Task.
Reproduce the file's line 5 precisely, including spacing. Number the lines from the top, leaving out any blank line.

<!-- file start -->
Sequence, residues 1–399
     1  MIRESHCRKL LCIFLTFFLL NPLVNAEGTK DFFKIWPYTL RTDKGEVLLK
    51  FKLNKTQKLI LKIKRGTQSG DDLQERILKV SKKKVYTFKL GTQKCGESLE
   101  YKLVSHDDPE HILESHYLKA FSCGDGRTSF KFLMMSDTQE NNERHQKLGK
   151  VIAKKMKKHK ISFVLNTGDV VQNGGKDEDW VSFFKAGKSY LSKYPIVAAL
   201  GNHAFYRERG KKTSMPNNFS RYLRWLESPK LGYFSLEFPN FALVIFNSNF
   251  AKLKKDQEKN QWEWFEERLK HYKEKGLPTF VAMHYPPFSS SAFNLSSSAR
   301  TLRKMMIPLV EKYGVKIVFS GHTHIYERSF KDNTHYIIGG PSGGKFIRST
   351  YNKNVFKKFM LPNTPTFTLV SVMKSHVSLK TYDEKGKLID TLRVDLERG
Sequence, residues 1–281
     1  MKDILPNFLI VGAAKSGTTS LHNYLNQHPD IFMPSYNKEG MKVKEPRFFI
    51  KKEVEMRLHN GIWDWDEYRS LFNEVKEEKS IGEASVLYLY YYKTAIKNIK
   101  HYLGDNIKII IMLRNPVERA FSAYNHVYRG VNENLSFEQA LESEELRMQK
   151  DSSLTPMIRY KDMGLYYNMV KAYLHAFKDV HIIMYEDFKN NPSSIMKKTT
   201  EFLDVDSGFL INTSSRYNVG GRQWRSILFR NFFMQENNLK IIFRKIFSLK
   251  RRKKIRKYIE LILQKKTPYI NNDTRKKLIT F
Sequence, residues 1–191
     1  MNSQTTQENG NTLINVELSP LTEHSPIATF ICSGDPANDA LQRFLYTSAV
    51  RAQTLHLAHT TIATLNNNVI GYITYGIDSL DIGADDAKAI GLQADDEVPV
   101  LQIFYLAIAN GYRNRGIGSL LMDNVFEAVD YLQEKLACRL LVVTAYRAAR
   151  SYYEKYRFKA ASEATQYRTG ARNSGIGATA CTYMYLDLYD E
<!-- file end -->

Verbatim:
   151  VIAKKMKKHK ISFVLNTGDV VQNGGKDEDW VSFFKAGKSY LSKYPIVAAL